Lucas Foglia grew up in a farm in Long Island, New York, and this apparently small detail will influence his photographic research. His parents were part of the post 1960s “Back-to-the-land” movement, people who used to take up smallholding and to grow food from the land for themselves or others.
After graduating in Yale, Foglia scoured the US in a camper van with a camera, his intention was to meet all those communities who were living steps further his parents vision. A Natural Order one of the photobooks where he collected his documentary shots portrays a dozen American communities attempting to reach a completely self-sufficient lifestyle.
Foglia’s pictures are a kind of performance, the final result of the connection between the photographer and his subjects. Indeed, he spent a plenty of time with the people he shot. He said that an ordinary event of everyday life can become an exceptional event in a photograph if you know how to tell a story. Photographing, he says, is a social and intuitive process, whilst editing is more rational, it’s about writing a story. As a matter of fact, Foglia’s mother deals with stories and cultures passed down through generations and she taught Lucas that the key for a good story is be engaging and understandable at the same time.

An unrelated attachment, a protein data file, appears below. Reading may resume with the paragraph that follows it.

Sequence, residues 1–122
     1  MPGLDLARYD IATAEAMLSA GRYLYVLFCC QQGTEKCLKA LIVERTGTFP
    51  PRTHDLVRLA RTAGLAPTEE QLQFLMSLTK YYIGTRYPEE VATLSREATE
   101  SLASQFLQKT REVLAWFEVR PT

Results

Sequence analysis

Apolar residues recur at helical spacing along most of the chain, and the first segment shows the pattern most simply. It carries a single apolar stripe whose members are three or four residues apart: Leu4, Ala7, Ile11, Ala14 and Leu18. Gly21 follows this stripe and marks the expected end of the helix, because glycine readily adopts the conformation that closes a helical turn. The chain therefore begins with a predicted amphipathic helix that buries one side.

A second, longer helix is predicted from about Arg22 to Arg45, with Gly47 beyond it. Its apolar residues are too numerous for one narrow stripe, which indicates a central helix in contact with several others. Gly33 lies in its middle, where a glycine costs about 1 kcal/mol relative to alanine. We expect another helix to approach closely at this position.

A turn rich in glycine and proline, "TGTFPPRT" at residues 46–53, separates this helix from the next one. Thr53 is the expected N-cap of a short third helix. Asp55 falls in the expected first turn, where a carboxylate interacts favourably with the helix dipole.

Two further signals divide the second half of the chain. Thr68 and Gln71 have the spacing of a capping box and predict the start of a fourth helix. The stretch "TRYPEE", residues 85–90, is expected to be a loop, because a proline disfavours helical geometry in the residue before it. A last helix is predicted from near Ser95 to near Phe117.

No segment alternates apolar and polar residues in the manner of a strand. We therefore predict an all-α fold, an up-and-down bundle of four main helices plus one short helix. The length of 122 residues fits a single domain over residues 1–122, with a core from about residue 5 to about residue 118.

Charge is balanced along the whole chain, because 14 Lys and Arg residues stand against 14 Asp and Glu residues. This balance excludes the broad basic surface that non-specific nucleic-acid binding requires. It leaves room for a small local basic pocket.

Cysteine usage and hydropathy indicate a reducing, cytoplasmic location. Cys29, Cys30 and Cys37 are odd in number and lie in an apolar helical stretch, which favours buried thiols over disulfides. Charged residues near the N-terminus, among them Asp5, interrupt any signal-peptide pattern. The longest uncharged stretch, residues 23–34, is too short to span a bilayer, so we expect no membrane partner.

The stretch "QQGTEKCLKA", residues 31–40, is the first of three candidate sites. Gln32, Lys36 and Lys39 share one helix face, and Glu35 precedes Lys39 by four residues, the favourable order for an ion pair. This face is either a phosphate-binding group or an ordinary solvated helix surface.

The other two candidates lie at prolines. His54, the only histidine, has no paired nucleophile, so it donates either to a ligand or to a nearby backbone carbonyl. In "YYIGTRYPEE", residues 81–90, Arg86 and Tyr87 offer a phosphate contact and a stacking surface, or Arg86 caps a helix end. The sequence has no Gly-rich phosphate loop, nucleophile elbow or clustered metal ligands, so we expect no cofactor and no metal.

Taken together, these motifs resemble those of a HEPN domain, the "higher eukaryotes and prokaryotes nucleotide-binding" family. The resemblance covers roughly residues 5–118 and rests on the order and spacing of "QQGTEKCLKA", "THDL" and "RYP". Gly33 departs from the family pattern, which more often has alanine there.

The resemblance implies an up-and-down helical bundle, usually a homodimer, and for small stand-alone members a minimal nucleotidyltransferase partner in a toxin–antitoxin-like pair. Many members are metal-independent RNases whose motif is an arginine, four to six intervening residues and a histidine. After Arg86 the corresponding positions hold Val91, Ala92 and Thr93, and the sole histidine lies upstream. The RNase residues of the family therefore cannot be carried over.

What he tried to depict in the other photobook Frontcountry, a work that lasted six years, is the contradictions of the American border between farm animals and mines. The photographs of people who lived without needing money, who built houses from trees grown in their land, who drank fresh water from mountain steams. What comes out in both works is that any of these communities was off the grid, that despite their “primitive” lifestyle, they are not off the grid, they have cellphones, laptops and solar panels with electric sockets.
All images © Lucas Foglia
Written by Anna Trifirò